UCONN Emergency Medicine Interest Group

Posts Tagged ‘infectious diseases’

EM Images #9

In IMAGES on December 4, 2011 at 7:00 AM

Syndicated from the UCONN EM Residency website; credit to Dr. Suozzi for images and text.

Just a short hint for this case: this is from a patient that Dr. Suozzi saw in Uganda.

What is the diagnosis?

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EM Images #7

In IMAGES on September 12, 2011 at 3:46 PM

Syndicated from the UCONN EM Residency website; credit to Dr. London for images and text.

Scenario: a 47-year-old gentleman came for a follow-up visit for positive blood cultures. He had been seen 2 days earlier with a past medical history of asthma and the history that approximately two weeks earlier he had been at a campfire where apparently someone nearby was burning poison ivy. Immediately he had broken out in a rash on his hands and neck and face and all areas that were exposed and not covered by clothes. He also noticed that his symptoms of cough and shortness of breath increased after that incident. He then came to HHED where he had had blood cultures, an x-ray that showed pneumonia and had been discharged on azithromycin. His blood cultures were positive for Staph and he had been requested to return to the ED. His physical exam showed some inspiratory râles in the LLL where the infiltrate had been and some expiratory wheezes throughout. After treatment had been initiated in the ED, prior to admission, he developed another skin eruption, seen in accompanying photograph.

What was the treatment and what is this reaction? (click below to see answers below the fold)

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Off Service #2: Heme/Onc

In OFF SERVICE on August 26, 2011 at 7:00 AM

Dr. Gilcrease, Heme/Onc Fellow, University of Utah/Huntsman Cancer Institute

Approach towards neutropenic fever

1. Identify using definitions:

  • ANC < 500 (or will be <500 in 48 hrs, but this is difficult for EPs to determine). Profound neutropenia is ANC < 100. Note: this count includes neutrophils and bands (but not more immature cells).
  • Fever = any T>38.3 (101 F), or T>38 (100.4) for >1 hr. Note: the elderly and pts on corticosteroids may not mount a fever! Also, remember that not all fever = infection.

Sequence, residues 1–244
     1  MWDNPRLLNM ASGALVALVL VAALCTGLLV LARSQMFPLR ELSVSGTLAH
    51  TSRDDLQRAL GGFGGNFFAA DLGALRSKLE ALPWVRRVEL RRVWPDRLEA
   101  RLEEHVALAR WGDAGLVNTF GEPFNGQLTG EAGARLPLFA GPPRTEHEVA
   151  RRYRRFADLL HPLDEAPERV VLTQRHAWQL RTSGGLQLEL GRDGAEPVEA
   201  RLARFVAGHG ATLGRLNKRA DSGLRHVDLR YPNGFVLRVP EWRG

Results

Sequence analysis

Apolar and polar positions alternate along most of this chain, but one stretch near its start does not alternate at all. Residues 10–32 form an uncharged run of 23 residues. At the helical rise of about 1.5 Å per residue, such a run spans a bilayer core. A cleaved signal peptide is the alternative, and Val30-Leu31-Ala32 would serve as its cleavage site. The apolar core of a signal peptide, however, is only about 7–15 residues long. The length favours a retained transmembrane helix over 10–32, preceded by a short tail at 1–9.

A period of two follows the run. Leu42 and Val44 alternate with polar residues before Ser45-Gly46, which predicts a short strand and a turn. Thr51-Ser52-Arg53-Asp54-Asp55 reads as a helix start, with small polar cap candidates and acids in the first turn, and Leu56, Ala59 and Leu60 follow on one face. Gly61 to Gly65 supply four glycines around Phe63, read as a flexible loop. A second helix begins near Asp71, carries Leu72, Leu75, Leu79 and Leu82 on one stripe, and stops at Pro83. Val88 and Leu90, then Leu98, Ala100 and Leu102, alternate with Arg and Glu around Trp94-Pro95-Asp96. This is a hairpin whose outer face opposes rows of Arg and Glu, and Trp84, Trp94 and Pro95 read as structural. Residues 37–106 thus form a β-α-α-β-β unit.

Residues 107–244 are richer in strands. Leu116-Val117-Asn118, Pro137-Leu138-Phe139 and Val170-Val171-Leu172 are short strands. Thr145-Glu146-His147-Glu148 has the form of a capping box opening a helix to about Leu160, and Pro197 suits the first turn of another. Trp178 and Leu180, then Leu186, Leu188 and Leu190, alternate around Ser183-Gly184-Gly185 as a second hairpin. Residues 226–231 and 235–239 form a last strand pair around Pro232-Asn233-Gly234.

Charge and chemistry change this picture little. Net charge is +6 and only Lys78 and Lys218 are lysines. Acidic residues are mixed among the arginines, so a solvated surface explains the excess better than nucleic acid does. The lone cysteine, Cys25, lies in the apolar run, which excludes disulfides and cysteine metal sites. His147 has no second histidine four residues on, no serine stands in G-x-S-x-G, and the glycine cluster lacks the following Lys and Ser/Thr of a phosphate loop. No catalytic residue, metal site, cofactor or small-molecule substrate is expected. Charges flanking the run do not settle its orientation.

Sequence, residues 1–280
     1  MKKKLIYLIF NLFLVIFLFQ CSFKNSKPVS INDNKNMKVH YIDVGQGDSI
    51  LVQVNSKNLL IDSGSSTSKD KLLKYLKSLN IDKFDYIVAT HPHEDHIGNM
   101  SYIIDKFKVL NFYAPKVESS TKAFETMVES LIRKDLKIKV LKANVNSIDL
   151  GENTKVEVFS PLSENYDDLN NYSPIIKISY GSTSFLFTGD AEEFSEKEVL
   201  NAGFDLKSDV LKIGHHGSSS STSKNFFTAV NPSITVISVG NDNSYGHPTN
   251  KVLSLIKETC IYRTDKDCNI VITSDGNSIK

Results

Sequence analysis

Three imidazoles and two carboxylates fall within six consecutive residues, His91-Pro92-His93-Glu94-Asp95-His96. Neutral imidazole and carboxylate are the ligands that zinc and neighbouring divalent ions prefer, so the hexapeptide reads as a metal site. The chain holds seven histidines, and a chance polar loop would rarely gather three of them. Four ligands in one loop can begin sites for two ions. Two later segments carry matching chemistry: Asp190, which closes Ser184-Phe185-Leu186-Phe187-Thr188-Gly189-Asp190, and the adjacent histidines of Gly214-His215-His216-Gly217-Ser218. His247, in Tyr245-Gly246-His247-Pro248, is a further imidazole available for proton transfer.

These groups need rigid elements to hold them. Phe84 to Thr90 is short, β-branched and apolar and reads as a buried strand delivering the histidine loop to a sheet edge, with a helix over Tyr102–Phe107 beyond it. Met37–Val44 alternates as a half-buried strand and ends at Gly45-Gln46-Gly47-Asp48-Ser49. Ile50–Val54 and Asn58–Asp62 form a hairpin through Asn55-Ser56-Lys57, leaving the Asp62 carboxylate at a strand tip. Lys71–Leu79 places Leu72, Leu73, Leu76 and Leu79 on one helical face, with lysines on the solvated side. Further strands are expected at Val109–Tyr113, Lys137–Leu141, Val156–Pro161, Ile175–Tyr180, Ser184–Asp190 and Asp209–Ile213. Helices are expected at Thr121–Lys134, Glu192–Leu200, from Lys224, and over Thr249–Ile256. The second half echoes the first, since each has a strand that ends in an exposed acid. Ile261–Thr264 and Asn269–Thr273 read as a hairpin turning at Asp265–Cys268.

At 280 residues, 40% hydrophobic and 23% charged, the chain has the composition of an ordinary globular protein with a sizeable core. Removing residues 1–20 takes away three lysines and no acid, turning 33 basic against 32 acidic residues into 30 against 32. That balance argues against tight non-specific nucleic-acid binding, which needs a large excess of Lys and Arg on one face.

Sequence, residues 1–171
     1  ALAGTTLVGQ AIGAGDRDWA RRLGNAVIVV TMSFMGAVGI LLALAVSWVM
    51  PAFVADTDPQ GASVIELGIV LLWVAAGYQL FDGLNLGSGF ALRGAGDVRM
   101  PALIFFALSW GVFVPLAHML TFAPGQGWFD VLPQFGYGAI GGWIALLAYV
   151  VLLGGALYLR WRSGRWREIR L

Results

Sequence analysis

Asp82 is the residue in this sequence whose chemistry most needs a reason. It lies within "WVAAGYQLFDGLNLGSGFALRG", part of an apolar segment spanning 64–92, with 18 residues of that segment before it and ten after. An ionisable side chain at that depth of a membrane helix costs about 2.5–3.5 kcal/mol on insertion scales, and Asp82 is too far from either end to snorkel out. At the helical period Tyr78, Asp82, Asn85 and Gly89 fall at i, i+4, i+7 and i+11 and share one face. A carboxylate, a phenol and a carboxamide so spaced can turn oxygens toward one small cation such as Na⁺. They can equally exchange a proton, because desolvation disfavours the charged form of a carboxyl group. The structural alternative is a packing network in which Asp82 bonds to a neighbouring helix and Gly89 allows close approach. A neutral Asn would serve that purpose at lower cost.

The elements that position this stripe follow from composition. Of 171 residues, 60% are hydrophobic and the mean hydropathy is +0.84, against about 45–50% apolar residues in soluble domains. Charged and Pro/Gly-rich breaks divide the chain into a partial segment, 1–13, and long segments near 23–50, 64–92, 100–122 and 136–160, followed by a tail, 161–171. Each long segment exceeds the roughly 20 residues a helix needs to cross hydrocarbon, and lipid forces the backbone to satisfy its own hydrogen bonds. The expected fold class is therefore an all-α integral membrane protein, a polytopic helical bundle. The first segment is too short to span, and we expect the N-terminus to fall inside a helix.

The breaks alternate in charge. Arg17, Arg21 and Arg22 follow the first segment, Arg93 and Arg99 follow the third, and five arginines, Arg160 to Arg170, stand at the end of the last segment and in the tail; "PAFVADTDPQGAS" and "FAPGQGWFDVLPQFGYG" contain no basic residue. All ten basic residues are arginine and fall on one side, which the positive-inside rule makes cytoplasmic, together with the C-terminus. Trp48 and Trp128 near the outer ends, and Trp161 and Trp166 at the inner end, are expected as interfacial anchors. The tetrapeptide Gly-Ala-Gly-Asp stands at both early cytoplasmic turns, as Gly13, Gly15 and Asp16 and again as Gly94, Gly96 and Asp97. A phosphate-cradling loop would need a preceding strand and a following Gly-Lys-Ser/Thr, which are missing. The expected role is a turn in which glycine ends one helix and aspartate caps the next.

2. Risk stratify

  • Hisk risk by IDSA 2010 criteria: ANC<100 for >7 days, comorbidities (including GI sx, neuro sx, central venous catheter infection, etc.), hepatic injury (transaminases >5x upper limit of normal), renal insufficiency (CrCl<30)
  • Alternative risk stratification is the MASCC score, but this is more complicated; if used, score >=21 is high risk.
  • If high risk, hospitalize and give IV abx.
3. Initial management
  • Exam- be thorough, do not forget skin, mucosal, port-a-cath, central lines, wounds, abdominal exam. Remember that neutropenic pts frequently will not show signs of infection (eg. abscess, induration, warmth, pulmonary infiltrate). DO NOT do a rectal exam (may cause a bacteremia).
  • Labs- CBC, CMP, UA, directed imaging, blood cx from central venous catheter if present and 2 peripheral sites, directed tests as needed (eg. LP, wound cx, CDiff toxin, stool cx).
  • Abx: within 2 hrs of presentation.
    • Outpatient: cipro/augmentin or levofloxacin
    • Inpatient: meropenem +/- vancomycin
      • If any mucosal breakdown, skin breakdown, concern for central-line infection, pneumonia, give a dose of vanco.

EM Images #3

In IMAGES on June 10, 2011 at 9:34 PM

Syndicated from the UCONN EM Residency website; credit to Dr. London for images and text.

This is a case of a 13 year old otherwise healthy female who presents to the ED with a rapidly progressive rash over the past 2 days which initially started on her trunk and then spread to her extremities. There is no face, neck or mucosal involvement. The rash is pustular rather than vesicular and is follicular in distribution. This came on several days after going in a hot tub which was newly opened for the season. She is fully vaccinated for varicella.

What is the first-line treatment for this disease?

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